set                                                                                            No.
                                                               Melbourne 2030                                    Conventional – Potable water     1a
                                                                                       Increased uptake and
                                                             guidelines – Limit to                               supplied from protected
                                                                                      retrofitting of demand
         Victoria in Future 2004 Projections

                                                     1         urban sprawl and                                  catchments
                                                                                     management options and
                                                             focus on high density                               Alternative sources- rainwater   1b
                                                                                     solar hot water systems
                                                                 development                                     tanks and wastewater reuse
                                                                                                                 Conventional – Potable water     2a
                                                                                     Baseline – no adoption of   supplied from protected
                                                                                      demand management or       catchments
                                                               Urban Sprawl –               solar HWS            New demand met by                2b
                                                             low density housing                                 desalination
                                                     2           continues in                                    Conventional – Potable water     2c
                                                               Greenfield sites        Increased uptake and      supplied from protected
                                                              without constraint      retrofitting of demand     catchments
                                                                                     management options and      New demand met by                2d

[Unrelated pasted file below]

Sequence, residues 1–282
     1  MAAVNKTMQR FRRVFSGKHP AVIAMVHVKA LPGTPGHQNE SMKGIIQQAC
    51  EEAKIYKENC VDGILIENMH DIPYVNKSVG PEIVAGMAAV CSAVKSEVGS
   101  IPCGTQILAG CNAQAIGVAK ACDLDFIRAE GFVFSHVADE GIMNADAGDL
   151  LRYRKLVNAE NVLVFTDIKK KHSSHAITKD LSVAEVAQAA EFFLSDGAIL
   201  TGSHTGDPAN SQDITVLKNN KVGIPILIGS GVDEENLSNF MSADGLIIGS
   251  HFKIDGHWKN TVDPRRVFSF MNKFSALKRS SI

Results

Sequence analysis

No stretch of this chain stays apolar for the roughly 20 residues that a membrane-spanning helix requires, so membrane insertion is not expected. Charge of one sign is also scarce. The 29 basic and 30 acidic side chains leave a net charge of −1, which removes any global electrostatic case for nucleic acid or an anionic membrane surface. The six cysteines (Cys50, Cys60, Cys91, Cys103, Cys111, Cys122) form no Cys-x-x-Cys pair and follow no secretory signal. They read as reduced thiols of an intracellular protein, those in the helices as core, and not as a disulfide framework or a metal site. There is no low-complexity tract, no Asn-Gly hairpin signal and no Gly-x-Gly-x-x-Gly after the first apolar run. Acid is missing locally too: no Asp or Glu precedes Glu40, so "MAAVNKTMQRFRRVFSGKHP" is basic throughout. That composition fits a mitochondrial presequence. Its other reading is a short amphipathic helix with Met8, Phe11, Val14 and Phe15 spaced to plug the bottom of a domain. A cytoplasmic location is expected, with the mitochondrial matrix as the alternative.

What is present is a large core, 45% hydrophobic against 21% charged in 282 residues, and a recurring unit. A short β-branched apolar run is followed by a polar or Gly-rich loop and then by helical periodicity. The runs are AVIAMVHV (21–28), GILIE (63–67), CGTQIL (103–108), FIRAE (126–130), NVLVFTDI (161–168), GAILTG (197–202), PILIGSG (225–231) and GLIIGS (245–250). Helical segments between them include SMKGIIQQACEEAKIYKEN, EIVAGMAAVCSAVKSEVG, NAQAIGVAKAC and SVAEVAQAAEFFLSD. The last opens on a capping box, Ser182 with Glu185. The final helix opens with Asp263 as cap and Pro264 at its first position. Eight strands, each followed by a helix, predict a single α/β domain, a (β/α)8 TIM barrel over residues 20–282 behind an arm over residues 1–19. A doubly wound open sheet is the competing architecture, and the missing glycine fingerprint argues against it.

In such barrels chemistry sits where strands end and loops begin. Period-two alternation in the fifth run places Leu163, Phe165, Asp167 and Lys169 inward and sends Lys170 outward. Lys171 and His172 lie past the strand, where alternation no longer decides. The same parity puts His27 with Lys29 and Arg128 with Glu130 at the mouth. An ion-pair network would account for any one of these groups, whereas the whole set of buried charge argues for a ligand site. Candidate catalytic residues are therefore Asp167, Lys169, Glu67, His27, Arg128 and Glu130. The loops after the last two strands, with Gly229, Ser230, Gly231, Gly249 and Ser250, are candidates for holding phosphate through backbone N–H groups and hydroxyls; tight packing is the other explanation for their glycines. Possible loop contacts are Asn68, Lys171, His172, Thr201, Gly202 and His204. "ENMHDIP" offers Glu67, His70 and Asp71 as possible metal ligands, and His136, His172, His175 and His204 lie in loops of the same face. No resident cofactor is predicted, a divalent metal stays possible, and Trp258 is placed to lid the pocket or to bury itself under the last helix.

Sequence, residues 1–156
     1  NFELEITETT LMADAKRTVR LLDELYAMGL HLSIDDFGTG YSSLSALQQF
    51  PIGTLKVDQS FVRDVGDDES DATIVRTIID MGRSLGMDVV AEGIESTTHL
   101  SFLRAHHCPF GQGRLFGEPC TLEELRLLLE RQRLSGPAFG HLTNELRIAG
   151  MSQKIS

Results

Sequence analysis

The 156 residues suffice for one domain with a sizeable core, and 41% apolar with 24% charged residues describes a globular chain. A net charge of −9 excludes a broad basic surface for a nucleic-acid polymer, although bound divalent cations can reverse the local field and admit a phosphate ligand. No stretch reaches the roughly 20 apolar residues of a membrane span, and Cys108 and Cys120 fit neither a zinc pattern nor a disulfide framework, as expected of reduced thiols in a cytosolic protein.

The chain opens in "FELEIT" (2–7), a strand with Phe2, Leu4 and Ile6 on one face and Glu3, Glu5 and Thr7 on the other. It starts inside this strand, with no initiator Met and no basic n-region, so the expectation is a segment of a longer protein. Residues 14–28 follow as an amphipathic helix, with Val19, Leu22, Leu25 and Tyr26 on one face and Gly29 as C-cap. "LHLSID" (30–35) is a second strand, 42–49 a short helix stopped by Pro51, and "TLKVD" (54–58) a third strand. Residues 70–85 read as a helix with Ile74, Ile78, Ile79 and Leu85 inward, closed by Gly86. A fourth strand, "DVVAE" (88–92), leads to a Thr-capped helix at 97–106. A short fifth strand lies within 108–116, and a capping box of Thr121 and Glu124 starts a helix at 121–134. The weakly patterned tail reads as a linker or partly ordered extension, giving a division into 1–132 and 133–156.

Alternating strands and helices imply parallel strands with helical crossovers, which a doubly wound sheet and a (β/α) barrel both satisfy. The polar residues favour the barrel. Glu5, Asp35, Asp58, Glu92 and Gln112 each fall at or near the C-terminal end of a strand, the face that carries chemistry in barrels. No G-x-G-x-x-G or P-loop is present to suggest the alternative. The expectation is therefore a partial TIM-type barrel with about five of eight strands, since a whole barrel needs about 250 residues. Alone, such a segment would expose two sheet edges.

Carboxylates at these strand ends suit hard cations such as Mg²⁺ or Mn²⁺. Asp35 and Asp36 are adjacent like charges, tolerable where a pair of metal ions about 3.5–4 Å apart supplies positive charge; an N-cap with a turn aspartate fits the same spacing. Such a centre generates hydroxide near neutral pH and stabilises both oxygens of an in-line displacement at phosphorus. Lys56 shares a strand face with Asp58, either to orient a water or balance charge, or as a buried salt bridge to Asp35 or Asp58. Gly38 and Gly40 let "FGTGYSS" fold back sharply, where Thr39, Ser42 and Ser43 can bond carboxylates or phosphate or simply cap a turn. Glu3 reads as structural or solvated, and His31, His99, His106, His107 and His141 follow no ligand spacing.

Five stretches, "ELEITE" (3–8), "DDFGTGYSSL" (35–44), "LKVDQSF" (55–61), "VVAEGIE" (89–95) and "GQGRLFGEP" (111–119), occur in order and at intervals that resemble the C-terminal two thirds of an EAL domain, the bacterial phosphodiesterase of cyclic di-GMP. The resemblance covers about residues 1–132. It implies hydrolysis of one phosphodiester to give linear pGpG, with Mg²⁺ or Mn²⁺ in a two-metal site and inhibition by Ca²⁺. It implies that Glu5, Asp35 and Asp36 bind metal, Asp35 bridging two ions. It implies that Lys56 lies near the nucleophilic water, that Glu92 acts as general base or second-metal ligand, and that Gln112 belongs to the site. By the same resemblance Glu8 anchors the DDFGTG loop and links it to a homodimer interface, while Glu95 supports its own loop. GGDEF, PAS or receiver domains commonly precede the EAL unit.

solar hot water systems     desalination

Water-Energy Futures for Melbourne                                                                                                       Page 8
3.2        Common Assumptions
All scenarios have the following base assumptions:
•   By 2050 Victoria’s population grows to approximately 6.7 million of which 4.9 million live in the
    Melbourne statistical division (Victoria in Future2004 population projections).
•   There is 2% per capita growth in material and energy consumption.
•   The present methods of electricity generation continue into the future.
•   A “medium” climate change scenario (Howe et al. 2005; Jones 2005) corresponding to an average
    global temperature increase of 1.5oC by 2050, involving decreased rainfall, increased evapo-
    transpiration and increased dam evaporation.
•   Agricultural water use is initially capped at approximately 2001 levels though ultimately increases in
    water use are allowed in response to climate change impacts.
•   Residential outdoor water use increases due to climate change impacts (Moran 2005).
•   Dam levels are maintained at 2001 levels through a 50/50 combination of diversions from rivers and
    inter-region transfers where possible, otherwise solely from river diversions.

3.3        Scenario Descriptions

3.3.1      Scenario Set 1 (Compact Urban Form)

This scenario set sees future urban growth in Melbourne increasingly accommodated within high and
medium density residential dwellings. There is some brownfield development, which sees existing low
density dwellings demolished for higher density redevelopment. The Urban Growth Boundary as defined
in Melbourne 2030 restricts the spread of urban development.

Scenario 1a (water demand management and solar hot water systems, conventional
water supply)

This scenario explores a shift to solar HWS, with 20% of existing dwellings and 80% of new residential
dwellings moving to solar (gas boosted) HWS. Existing dwellings are assumed to move proportionally
from the current energy source mix for HWS, which shows 77.5% of Melbourne households have gas
HWS and 19.1% electric (ABS 2005).

Scenario 1a also explores a number of demand management strategies that have the purpose of reducing
end-use demand from residential dwellings. In this case the demand management strategies explored are
low-flow showerheads and water efficient washing machines. The uptake is consistent with solar HWS
as 80% of new dwellings and 20% of existing dwellings implementing the demand management options.
It is assumed that low-flow showerheads reduce water consumption by 40% over conventional systems
and that water efficient washing machines use 30% less water.

In VRSFF these assumptions were incorporated as assuming low-, medium- and high density residential
development use of water at 413, 354 and 358 L/year/m2 respectively. With demand management
measures in place these were assumed to drop to 379, 325 and 329 L/year/m2 respectively. For more
detail on these assumptions refer to Appendix C.